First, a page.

SS Snaefell (1906)

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Snaefell seen in service.
Snaefell
History
Name: 1906: Viper
Namesake: Snaefell
Owner:
  • 1906-1920 G. and J. Burns and Co.
  • 1920–1945: IOMSPCo.
Operator:
  • 1906-1920 G. and J. Burns and Co.
  • 1920–1945: IOMSPCo.
Port of registry: Douglas, Isle of Man
Route: Various
Builder: Fairfield Shipbuilding and Engineering Company, Govan.
Cost: Not recorded
Way number: 121331
Launched: 10 March 1906
Acquired: 22 March 1920
In service: 1906
Out of service: 1945
Fate: Laid up at Port Glasgow 1945, finally scrapped 1948.
General characteristics
Type: packet steamer
Tonnage: 1,713 GRT
Length: 315 feet (96 m)
Beam: 39 feet 6 inches (12.04 m)
Depth: 16 feet 6 inches (5.03 m)
Propulsion: Steam turbine driven screw-propellers
Speed: 21 knots (39 km/h; 24 mph)
Capacity: 1,700 passengers
Crew: 61

SS Snaefell (IV), the fourth ship in the company's history to be so named, was a packet steamer originally owned and operated by G. and J. Burns, who sold her to the Isle of Man Steam Packet Company in 1920.

Construction and dimensions[edit]

Originally named Viper built for the Irish Channel service between Scotland and Ireland, she was a steel; triple-screw turbine driven vessel. Viper was built at Govan by Fairfield Shipbuilding and Engineering Company, launched 10 March 1906.[1]

The vessel's dimensions were a length of 315'; beam 39'6"; and depth 16'6". Viper's engines developed 6,500 i.h.p. which gave her a service speed of 21 knots. She had accommodation for 1,700 passengers and a crew of 61.

Viper was purchased by the Steam Packet on 22 March 1920 and renamed Snaefell. The consideration was £160,000.

Service life[edit]

Under her original owners, G. and J. Burns, Viper was employed on the company's Ardrossan-Belfast service. Purchased by the Isle of Man Steam Packet Company in 1920, she was renamed Snaefell, and served the numerous routes then operated by the company.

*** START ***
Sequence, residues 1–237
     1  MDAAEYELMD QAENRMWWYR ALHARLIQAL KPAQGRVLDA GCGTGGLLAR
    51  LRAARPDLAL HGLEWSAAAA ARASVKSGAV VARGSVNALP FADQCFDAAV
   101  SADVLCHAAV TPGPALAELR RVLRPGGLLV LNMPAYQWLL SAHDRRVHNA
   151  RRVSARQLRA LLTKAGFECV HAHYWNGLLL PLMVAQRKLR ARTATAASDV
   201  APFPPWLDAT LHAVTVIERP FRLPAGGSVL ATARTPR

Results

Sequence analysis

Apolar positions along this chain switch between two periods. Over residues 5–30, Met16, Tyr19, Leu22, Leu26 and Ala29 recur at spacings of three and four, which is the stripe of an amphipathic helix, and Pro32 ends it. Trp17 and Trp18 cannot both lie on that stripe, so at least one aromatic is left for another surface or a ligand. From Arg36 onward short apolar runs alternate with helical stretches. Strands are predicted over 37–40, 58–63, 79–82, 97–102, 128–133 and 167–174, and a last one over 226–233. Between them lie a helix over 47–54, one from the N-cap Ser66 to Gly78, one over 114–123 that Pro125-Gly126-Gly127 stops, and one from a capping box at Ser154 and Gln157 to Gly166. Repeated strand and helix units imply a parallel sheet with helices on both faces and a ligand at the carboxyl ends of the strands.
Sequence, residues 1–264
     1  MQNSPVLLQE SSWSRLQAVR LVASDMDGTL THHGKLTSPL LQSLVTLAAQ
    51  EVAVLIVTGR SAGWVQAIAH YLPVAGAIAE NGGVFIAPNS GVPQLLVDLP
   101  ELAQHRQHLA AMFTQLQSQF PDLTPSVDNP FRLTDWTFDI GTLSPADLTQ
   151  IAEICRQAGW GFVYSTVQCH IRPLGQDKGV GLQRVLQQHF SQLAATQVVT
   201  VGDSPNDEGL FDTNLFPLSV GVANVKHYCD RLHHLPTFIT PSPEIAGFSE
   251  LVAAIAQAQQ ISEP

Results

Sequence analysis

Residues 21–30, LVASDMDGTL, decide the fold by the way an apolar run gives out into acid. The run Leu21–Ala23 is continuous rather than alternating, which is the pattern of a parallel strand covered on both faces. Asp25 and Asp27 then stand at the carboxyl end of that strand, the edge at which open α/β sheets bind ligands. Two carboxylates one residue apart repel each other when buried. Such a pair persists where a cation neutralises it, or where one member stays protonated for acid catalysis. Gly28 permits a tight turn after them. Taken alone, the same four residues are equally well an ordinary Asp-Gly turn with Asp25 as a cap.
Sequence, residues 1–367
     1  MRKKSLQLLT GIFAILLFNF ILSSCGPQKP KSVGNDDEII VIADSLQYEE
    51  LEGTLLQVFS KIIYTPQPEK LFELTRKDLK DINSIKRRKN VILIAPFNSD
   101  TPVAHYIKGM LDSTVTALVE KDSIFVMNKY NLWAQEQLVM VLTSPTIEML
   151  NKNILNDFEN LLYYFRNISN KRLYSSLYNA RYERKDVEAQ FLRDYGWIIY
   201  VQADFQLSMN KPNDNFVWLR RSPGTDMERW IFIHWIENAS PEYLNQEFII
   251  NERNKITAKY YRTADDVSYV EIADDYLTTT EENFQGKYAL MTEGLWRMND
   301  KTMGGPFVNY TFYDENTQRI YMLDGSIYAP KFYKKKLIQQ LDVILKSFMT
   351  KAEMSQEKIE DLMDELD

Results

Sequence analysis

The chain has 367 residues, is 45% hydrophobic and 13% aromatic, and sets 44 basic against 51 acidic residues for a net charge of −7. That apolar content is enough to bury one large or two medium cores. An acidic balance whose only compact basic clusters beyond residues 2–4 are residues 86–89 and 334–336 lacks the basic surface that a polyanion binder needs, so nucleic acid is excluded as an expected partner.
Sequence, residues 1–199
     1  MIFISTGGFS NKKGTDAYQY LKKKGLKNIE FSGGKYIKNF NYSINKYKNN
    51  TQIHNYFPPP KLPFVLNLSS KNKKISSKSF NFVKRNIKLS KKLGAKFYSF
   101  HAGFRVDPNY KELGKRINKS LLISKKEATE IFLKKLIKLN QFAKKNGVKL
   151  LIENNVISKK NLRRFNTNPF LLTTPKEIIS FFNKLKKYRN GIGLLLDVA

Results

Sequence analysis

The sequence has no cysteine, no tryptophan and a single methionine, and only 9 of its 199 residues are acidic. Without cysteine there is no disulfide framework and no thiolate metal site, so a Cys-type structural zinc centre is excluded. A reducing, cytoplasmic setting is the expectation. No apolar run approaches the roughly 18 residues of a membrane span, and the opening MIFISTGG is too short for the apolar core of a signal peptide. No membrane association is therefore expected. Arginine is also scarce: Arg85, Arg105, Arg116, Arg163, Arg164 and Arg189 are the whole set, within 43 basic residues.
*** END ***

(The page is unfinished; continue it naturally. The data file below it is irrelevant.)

War service[edit]

First World War[edit]

Under her original owners, the vessel saw service in the First World War as a troopship. Little is known of her Great War service, but it is fair to assume she was used mainly for trooping duties between the Kent ports, Southampton and the main French port serving the British Expeditionary Force at Le Havre.

Second World War[edit]

At the outbreak of war, the Steam Packet operated a fleet comprising 16 ships. The Rushen Castle and Snaefell were kept to maintain the Isle of Man's vital link with the mainland, Snaefell primarily as a relief vessel. For a while the Victoria joined them, and the Peveril, Conister and Cushag stayed on to handle freight.

Snaefell was again requisitioned and again used as a troopship, but after one year she was returned to the company and resumed her duty serving the Island's wartime link with the mainland, first to Liverpool and then to Fleetwood.

Post-war service[edit]

On the cessation of the war, Snaefell was withdrawn from service in 1945, and sold for breaking.

Disposal[edit]

After a life spanning 42 years, Snaefell was finally broken up in 1948.

Gallery[edit]

References[edit]

  1. ^ M'Pherson, Allen (1906). "Launch of Turbine Steamer Viper". International Marine Engineering. Marine Engineering, Inc., New York—London. 11 (August): 321–322. Retrieved 13 January 2018. 
Bibliography
  • Chappell, Connery (1980). Island Lifeline T.Stephenson & Sons Ltd ISBN 0-901314-20-X